The first known outbreak of COVID-19 in the U.S. occurred in a nursing home in Kirkland, Washington. More than 30 people died of the disease there. It signaled the danger COVID-19 would pose for the rest of the pandemic: COVID spread rapidly in congregate settings, and older individuals were more prone to it. Long-term care facilities, then, became potential death traps.
In the Inland Northwest, it took weeks after that outbreak for the virus to appear. But by April, the first major outbreak occurred at the Spokane Veterans Home. At least 35 residents were infected with the virus, and eventually 10 residents who had COVID died.
Around the same time, the virus hit Life Care Center of Lewiston. By early May, 18 residents of the facility had died after contracting the virus, which made up all but one of the COVID deaths at the time in the Lewiston-Clarkston Valley.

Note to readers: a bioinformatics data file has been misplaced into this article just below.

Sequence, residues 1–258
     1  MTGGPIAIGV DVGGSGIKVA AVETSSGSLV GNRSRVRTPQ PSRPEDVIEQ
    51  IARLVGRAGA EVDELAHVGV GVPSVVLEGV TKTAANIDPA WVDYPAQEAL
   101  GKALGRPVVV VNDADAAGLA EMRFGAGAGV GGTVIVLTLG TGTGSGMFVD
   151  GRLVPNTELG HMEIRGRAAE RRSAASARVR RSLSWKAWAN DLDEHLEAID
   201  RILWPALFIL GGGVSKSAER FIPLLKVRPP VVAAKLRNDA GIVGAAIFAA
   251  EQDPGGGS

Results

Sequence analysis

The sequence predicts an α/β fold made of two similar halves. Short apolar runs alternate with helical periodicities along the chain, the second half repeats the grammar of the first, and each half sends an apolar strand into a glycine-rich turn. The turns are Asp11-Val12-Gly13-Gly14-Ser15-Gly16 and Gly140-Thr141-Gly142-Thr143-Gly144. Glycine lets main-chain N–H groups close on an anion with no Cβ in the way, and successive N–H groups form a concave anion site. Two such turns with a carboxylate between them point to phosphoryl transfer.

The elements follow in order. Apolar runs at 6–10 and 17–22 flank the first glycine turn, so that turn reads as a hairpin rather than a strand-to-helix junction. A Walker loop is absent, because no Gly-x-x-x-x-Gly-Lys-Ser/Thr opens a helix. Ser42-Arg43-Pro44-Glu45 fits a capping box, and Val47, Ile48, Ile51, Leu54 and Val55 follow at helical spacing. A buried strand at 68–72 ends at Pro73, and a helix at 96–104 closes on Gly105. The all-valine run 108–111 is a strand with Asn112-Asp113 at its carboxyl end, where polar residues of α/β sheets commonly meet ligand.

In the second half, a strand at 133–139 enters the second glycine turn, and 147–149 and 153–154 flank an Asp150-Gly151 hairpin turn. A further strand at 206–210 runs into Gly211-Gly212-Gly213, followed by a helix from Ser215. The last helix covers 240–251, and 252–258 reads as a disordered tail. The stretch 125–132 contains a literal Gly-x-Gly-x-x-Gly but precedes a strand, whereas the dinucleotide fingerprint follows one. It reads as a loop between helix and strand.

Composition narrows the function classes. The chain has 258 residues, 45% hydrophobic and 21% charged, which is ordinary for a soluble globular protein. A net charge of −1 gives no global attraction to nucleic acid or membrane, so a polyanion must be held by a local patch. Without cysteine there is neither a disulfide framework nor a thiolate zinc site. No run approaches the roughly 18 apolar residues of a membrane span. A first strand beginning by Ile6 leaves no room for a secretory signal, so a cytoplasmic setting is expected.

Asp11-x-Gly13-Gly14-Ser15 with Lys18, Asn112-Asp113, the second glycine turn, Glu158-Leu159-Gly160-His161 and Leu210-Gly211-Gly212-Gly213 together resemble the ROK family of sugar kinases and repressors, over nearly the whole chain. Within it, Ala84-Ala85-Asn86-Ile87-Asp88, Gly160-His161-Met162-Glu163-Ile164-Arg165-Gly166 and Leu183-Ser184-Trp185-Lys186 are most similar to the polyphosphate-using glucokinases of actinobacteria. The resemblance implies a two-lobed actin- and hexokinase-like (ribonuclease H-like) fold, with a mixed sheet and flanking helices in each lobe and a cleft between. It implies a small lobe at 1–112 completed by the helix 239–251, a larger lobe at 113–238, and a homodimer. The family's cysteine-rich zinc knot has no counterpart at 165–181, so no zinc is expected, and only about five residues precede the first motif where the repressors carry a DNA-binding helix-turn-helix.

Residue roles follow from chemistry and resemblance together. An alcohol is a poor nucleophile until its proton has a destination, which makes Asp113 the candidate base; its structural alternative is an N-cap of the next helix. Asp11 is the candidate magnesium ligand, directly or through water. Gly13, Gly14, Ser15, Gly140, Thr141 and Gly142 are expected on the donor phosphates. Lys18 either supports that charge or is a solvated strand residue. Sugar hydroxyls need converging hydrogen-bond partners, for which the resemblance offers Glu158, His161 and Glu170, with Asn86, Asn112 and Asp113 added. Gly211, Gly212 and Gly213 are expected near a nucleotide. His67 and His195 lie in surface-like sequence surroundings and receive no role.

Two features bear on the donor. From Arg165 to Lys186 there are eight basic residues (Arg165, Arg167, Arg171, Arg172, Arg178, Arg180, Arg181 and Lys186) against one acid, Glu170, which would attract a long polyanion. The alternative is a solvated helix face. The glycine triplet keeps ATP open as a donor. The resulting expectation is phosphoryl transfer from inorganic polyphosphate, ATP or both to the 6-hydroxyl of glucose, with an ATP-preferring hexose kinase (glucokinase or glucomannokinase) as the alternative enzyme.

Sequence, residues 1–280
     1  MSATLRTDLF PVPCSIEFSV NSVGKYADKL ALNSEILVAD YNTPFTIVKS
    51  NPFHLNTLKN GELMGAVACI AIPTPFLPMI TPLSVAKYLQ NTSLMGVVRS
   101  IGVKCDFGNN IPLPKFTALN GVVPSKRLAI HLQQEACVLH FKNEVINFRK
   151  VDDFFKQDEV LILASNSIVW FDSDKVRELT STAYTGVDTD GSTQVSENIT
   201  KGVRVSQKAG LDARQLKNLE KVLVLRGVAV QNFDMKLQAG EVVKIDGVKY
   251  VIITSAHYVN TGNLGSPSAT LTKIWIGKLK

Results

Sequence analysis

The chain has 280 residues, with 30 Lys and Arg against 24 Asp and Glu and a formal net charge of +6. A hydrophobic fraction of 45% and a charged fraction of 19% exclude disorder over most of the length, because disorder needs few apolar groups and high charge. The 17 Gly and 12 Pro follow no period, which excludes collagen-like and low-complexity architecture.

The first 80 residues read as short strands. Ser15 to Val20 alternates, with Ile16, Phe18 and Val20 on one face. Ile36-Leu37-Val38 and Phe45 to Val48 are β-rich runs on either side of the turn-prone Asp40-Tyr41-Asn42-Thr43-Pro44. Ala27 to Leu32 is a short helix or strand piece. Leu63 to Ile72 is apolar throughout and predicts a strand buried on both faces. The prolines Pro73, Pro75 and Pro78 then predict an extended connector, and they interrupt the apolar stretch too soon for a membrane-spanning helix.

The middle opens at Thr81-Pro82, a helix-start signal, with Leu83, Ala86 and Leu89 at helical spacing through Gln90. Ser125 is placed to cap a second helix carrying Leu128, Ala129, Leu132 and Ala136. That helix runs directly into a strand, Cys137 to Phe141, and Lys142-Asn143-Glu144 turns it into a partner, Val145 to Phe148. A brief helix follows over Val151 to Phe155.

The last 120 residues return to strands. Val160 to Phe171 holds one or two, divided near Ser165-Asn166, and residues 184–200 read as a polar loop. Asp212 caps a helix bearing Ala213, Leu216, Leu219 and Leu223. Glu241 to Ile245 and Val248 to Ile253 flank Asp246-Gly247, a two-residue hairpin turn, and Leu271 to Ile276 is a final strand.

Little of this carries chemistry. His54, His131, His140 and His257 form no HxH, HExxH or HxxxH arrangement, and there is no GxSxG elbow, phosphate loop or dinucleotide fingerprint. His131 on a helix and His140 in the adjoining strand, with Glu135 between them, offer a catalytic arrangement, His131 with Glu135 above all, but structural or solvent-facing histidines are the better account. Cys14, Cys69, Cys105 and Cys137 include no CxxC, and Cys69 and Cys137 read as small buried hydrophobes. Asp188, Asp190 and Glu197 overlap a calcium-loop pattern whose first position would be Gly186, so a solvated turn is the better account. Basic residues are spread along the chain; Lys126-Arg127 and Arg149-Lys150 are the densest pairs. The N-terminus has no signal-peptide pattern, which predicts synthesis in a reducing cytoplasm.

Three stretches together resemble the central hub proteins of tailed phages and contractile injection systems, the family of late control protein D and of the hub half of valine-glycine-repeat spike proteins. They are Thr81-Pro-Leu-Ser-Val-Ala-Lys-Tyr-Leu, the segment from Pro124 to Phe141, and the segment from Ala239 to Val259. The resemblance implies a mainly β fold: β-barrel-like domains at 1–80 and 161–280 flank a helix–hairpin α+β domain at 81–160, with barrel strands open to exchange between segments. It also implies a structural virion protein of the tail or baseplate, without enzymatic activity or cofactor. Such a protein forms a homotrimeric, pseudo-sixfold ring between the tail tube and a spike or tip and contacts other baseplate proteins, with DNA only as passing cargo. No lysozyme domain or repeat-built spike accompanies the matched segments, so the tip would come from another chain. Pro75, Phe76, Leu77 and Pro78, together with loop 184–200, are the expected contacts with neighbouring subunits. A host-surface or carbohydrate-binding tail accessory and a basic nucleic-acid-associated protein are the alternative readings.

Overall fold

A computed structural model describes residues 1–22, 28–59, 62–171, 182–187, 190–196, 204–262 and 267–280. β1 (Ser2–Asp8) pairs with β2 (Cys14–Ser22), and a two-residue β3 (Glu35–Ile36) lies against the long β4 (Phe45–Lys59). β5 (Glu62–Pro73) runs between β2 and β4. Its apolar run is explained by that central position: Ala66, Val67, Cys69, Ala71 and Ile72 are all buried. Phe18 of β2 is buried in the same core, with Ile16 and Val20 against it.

One of those deaths was 93-year-old Jack Spears, who was a Navy veteran and former mechanic. The Inlander spoke to his son, Monty, last spring shortly after his father died. The last time he'd seen his father was through the window at the facility, when Jack said he was doing OK but "wanted to get out of there" for a milkshake.
Nursing homes make up only about 5 percent of all cases, but more than one-third of all COVID deaths in the country. And that's after a sharp decline in nursing home deaths since vaccines have become available.
In Spokane, 337 COVID deaths are associated with long-term care facilities, accounting for about 57 percent of all COVID deaths in Spokane. That's slightly higher than the proportion in Washington overall, which has seen about half of COVID deaths linked to long-term care facilities.
People who are over 65, meanwhile, make up about 80 percent of deaths overall. In Washington, they make up 84 percent.
The family they've left behind may still struggle to process it.
"I don't know where to cast the blame," Monty says.